For example, the 1810 Census also collected economic data (on the quantity and value of manufactured goods). In 1850, the census began collecting “social statistics” (information about taxes, education, crime, and value of estate, etc.) and mortality data. In 1940, additional questions were asked of a sample of the population, including questions on internal migration, veteran status, and the number of children ever born to women. These questions helped society understand the impact of the Great Depression.
Through the decades, the census has collected data on race, ancestry, education, health, housing, and transportation. An examination of the questions asked during each census illustrates changes in our nation’s understanding of race, the impact of immigration, growth of the Hispanic population, and computer usage. As a result of the census’s evolution, the constitutionally mandated census has grown to provide important information about the U.S. population and its housing. Coupled with data from the economic and government censuses and demographic and economic surveys, the U.S. Census Bureau provides governments, scholars, planners, businesses, and individuals the data they need to build schools, plan highways, open businesses, and distribute the billions of dollars in federal spending that sustains a growing population.”
(More detailed Census questions and instructions to the Enumerators for each decade are available through this link. The U. S. Federal Census Index of Questions 1790- 2010 https://www.census.gov/history/www/through_the_decades/index_of_questions/
U S Federal Census quicksheet
The history of all United States Federal Censuses (of any kind) from 1790 – 2016 are here at https://www.census.gov/history/
The Census Bureau has many publications about the censuses that you can view or download as PDFs at https://www.census.gov/history/www/reference/publications/
Historic census records from 1790 to 1940 are maintained by the National Archives and Records Administration, not the U.S. Census Bureau.
Visit the National Archives Web site to access 1940 Census records—http://1940census.archives.gov.
Decennial census records are confidential for 72 years to protect respondents’ privacy.
Records from the 1950 to 2010 censuses can only be obtained by the person named in the record or their heir after submitting form BC-600 or BC-600sp (Spanish).
Online subscription services are available to access the 1790–1940 census records. Many public libraries provide access to these services free of charge to their patrons.
(Beloit Public Library has Ancestry.com Library Edition available in the building, and HeritageQuest available on our homepage beloitlibrary.org, from any computer in Wisconsin. http://www.ancestryheritagequest.com/hqa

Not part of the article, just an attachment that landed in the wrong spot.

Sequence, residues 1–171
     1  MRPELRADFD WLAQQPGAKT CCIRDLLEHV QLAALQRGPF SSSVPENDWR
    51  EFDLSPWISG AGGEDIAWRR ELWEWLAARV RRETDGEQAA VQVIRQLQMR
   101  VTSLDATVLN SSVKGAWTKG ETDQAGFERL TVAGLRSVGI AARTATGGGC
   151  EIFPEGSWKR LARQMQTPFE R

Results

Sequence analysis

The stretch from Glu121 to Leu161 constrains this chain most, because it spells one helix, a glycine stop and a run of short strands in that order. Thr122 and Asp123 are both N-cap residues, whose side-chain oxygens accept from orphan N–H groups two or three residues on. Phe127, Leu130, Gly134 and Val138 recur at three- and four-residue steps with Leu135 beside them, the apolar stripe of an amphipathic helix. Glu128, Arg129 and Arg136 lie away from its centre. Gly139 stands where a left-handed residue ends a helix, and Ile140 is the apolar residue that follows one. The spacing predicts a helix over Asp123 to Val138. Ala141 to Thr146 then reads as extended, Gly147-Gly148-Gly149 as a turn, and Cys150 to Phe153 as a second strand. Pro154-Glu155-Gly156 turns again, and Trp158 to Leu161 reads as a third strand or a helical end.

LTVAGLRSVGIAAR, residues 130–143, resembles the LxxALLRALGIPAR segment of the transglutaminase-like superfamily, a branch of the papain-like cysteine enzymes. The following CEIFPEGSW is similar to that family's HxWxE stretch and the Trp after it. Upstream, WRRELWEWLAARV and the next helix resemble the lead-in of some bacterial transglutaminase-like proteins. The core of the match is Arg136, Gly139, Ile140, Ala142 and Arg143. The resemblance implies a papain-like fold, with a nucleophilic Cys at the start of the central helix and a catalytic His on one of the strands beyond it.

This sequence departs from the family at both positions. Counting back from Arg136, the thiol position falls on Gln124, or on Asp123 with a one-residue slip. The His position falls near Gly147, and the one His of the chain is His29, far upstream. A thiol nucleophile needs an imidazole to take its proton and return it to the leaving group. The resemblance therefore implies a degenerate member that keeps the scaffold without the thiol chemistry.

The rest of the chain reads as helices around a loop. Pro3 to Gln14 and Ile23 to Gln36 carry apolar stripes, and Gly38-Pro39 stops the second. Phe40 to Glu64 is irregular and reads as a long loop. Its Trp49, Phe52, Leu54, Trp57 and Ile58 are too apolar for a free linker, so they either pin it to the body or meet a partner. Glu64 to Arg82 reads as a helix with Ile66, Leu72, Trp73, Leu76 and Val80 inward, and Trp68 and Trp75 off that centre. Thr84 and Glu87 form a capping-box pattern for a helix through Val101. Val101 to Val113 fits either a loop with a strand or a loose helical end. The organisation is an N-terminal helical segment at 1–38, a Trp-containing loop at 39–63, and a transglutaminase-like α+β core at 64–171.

Many Americans found filling out the long form to be burdensome and intrusive, and its unpopularity was a factor in the declining response rate to the decennial census. (Note my experiences an as Enumerator.)
In 1994, the Bureau began the process of changing the means of obtaining the demographic, housing, social, and economic information from the census long form to the ACS. Testing began in 1995, and the ACS program began producing test data in 2000, 2001, and 2002.
The survey was fully implemented in 2005. The following year, the Census Bureau released estimates for all areas with populations of 65,000 or more using the data collected from January to December 2005. In 2010, the ACS produced its first set of estimates for areas of all population sizes, using information collected from January 2005 through December 2009.
Is the American Community Survey Mandatory?
Yes. The ACS is a mandatory survey.
The ACS is a legitimate, mandatory survey sent to a small percentage of our population on a rotating basis. You are legally obligated to answer all the questions, as accurately as you can.
Your answers are important. As part of a sample, you represent many other people.
Why is the ACS mandatory?
Response to the survey is mandatory because the American Community Survey is part of the decennial census, replacing the “long form” that previously was sent to a percentage of households once every 10 years
“Are the American Community Survey (ACS) 5-year estimates as reliable as the Census 2000 long form data?
The American Community Survey sample over a 5-year period is smaller than the Census 2000 long form sample. In addition, while Census 2000 followed up with ALL nonrespondents who did not mail back their questionnaire, the ACS follows up with a sample of nonrespondents who do not respond by mail or telephone. As a consequence of these design differences, ACS estimates are usually less precise (or reliable) than corresponding estimates from the Census long form.
However, precision (or reliability) is only one of the factors that affect the overall quality and usability of sample survey estimates. Other important factors include overall unit response, data completeness, and how well the sample covers the target population. Evaluations show that the ACS is about the same or better than the Census long form with respect to these three factors. ACS response levels have been consistently high at the national across all major population groups. Data completeness and population coverage are generally higher for the ACS compared to the long form. Overall, the loss of reliability in the ACS estimates is offset by improvements in other measures of quality.”
Now we all know more about censuses.